Going underground

By Sascha Ingram

In case you hadn’t noticed, cheese people tend to get pretty passionate, verging on fanatical, about their cheese.  The next time you ask your cheesemonger what her favorite cheese is, keep an eye out for the wince she makes as though you’ve asked her to name her favorite child.  Listen for the subtle gasp of horror that escapes her lips when you ask if you can freeze this (living, breathing) cheese and eat it sometime in 2024.  And watch the sparkle in her eyes as she tells you about the first time (Fall, 2006) that she tasted Beaufort d’Alpage, as she recounts every note of flavor and aroma that forever changed her life that day. (yes, the “she” in those examples is yours truly)

Beneath our Bleecker Street store, you’ll find a testament to our cheese dedication — to making sure that each and every piece of cheese that enters our store leaves in as good or better condition than it was when it came in.  Our cheese caves, built in 2004, provide temperature and humidity-controlled rooms to ensure that the cheese is kept cool but not cold, moist but not saturated, with a minimal amount of air blowing across the surface of the cheese that could threaten to dry it out.  Our dedicated inventory manager, or affineur, monitors the progress of the hundreds of wheels in the caves, as well as a team of interns who fastidiously pat and flip small format bloomy rinds and wash the ooey-gooey stinkers for hours a week.

We haven’t gone so far as to name each wheel of cheese or hire a string quartet to play to the cheeses at night, but you might suspect it once you’ve tasted how incredible cave-aging can make the cheese.  For example, check out our latest domestic obsession: Old Chatham Sheepherding Company’s Kinderhook Creek.  It’s a 100% sheep’s milk cheese, with a bloomy (or mold-ripened) rind, from just upstate in the Hudson Valley.  We get Kinderhook Creek just after it’s made, before the blossoms of fluffy white Penicillium candidum start to show up.  As the cheese sits in our specially crafted bloomy rind cave (pictured below), mold spores activate and begin to alter the flavor of the cheese, breaking down fats and proteins to showcase the buttery richness of the pure sheep’s milk.  It becomes decadent and creamy, with a subtle minerality on the rind.  One of those cheeses that makes you go, “Mmmmm,” for minutes at a time.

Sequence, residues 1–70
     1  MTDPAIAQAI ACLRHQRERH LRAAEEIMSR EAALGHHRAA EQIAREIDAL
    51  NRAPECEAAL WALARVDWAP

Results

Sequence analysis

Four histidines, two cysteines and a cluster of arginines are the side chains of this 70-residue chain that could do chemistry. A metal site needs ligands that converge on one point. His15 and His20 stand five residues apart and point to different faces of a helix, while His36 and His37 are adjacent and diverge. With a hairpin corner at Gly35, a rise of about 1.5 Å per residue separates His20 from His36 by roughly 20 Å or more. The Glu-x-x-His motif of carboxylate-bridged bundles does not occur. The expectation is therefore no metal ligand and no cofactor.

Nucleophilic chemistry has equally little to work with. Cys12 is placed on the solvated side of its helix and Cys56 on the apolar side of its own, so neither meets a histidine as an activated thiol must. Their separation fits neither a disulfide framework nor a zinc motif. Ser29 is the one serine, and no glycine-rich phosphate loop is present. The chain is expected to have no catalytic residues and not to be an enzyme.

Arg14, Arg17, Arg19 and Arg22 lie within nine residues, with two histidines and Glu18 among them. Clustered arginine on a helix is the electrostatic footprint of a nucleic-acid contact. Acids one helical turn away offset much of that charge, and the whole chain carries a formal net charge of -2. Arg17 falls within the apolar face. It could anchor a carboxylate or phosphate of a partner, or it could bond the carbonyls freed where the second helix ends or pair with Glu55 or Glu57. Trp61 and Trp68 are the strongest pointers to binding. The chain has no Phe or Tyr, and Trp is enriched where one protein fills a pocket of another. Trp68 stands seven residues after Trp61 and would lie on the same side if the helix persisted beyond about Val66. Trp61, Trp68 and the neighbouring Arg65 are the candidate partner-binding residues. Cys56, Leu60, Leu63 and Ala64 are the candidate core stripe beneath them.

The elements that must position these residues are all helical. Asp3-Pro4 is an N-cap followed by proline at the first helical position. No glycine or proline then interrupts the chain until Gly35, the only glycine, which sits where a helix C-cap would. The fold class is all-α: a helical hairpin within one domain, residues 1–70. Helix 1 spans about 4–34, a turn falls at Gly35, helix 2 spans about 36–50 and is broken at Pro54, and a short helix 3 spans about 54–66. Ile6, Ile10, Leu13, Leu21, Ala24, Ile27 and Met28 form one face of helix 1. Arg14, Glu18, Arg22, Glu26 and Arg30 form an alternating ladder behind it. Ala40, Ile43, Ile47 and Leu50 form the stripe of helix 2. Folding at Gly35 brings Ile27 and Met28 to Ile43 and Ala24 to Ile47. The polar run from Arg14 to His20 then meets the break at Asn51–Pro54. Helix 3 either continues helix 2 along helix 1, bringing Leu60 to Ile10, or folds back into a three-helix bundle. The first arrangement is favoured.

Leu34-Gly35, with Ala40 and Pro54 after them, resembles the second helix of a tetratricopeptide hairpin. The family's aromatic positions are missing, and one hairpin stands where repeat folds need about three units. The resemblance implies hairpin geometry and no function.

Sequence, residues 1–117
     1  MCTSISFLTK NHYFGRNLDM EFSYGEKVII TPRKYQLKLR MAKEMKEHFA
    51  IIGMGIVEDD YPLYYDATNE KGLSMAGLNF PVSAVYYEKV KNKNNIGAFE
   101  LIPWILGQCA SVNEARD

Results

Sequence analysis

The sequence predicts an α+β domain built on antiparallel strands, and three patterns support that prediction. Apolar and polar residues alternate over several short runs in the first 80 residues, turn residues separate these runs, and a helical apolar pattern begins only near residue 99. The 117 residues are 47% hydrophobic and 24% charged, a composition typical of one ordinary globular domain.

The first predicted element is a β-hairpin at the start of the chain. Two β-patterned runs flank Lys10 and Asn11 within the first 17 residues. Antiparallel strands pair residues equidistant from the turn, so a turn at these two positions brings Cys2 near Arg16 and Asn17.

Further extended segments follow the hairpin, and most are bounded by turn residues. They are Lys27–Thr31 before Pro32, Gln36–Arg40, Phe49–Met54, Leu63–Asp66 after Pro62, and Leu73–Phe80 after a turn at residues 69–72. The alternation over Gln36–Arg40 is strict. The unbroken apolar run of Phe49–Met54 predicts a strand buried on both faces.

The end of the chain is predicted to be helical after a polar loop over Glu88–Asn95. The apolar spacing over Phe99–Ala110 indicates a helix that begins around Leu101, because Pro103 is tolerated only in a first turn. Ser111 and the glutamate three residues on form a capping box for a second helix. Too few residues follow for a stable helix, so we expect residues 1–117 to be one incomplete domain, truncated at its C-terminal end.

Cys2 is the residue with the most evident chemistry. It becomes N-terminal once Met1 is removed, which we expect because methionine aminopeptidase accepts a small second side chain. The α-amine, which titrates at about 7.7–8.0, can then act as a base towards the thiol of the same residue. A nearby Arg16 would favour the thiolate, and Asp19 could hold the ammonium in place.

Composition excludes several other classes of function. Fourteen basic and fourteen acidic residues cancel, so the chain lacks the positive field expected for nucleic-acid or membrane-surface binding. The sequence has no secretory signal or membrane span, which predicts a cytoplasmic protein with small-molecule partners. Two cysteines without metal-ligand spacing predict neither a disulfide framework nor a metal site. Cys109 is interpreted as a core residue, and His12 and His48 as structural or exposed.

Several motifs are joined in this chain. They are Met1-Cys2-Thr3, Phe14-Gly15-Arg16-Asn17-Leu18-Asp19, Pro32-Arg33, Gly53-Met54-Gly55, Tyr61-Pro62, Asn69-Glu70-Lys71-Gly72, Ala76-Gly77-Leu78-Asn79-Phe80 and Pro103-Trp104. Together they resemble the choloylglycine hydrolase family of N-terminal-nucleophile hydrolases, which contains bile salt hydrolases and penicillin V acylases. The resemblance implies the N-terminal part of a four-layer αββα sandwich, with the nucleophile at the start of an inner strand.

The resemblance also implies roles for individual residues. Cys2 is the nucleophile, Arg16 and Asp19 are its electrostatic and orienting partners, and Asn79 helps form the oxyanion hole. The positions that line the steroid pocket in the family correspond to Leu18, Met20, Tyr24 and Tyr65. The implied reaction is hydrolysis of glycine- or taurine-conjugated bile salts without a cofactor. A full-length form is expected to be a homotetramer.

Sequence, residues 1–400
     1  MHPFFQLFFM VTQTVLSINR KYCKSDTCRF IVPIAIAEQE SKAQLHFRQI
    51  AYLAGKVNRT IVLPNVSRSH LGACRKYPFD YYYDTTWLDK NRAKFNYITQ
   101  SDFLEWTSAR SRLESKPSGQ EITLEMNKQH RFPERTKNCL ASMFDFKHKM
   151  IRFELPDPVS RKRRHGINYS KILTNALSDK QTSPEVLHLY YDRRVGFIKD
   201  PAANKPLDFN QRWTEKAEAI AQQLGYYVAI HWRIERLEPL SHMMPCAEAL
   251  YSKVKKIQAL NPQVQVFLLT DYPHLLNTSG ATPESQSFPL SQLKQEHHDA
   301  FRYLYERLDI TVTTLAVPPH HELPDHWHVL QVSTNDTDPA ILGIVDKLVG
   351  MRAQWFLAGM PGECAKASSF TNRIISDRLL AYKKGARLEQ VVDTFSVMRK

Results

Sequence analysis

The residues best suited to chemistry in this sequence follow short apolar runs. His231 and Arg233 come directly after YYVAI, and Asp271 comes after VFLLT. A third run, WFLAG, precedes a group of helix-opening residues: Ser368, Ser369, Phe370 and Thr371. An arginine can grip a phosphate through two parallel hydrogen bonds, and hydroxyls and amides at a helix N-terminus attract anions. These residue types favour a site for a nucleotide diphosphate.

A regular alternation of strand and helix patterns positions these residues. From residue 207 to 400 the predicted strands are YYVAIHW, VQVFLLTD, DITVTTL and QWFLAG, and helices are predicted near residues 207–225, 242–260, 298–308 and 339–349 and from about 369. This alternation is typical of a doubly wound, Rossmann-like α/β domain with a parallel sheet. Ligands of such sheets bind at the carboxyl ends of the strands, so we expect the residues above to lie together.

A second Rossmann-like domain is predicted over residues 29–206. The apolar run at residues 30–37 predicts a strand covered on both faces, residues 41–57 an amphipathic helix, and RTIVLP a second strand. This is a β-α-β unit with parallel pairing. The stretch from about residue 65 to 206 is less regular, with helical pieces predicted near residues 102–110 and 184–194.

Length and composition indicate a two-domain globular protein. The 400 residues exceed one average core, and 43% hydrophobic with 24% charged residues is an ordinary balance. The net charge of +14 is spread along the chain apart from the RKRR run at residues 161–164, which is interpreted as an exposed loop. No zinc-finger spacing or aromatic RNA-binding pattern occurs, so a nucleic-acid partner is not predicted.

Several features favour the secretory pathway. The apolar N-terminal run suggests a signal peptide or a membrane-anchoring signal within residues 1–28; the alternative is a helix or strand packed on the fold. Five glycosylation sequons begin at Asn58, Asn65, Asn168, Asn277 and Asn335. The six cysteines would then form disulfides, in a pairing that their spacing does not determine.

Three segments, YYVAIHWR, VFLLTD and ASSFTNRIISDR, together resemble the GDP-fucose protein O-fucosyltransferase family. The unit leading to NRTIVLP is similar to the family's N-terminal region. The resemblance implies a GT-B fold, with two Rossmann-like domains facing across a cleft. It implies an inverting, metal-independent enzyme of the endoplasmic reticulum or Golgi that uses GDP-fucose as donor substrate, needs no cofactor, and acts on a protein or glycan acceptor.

While those adorable molds (What?  Under a microscope they look like flowers, I promise) bloom and grow, there’s a different transformation taking place on the rind of everyone’s favorite stinker, Epoisses.  Epoisses is a pasteurized cow’s milk cheese made in Burgundy, France, that is washed by the cheesemaker in a solution of Marc de Bourgogne, brandy made from the skins, seeds, and pulp of the grapes used to make inmitable Burgundy wines.  Typically such washing ends in France, before the cheeses are placed in their wooden boxes, sealed in plastic, and placed on a boat for their journey to the States- but not at Murray’s.  Once we receive the cheese, every piece of Epoisses is unwrapped to allow it to breathe, and the washing process begins again in earnest.  Marc de Bourgogne is carefully spritzed over the rind, imparting a fruity, grassy flavor to the rind.  The constant application of moisture to the rind encourages the Brevibactirium linens (that orange, sticky bacteria you see on the rind, the one that gives Epoisses its, ahem, aroma) to further break down the paste of the cheese, ensuring that when you cut into your Epoisses its unctuous paste oozes out across the plate, carrying with it the most savory, meaty, brothy, DELICIOUS flavors you’ve ever found in this cheese.

Yes, we bathe our cheese in alcohol, and yes, we have a cadre of interns who lovingly pat and rotate every piece of Selles sur Cher that enters our door.  We do it because we love cheese, of course, but also because we love  to offer you the newest and most delicious finds – from our neck of the woods or from across the world – and always aged to perfection.

Want more of the cheese caves?  Take a photo tour on facebook.

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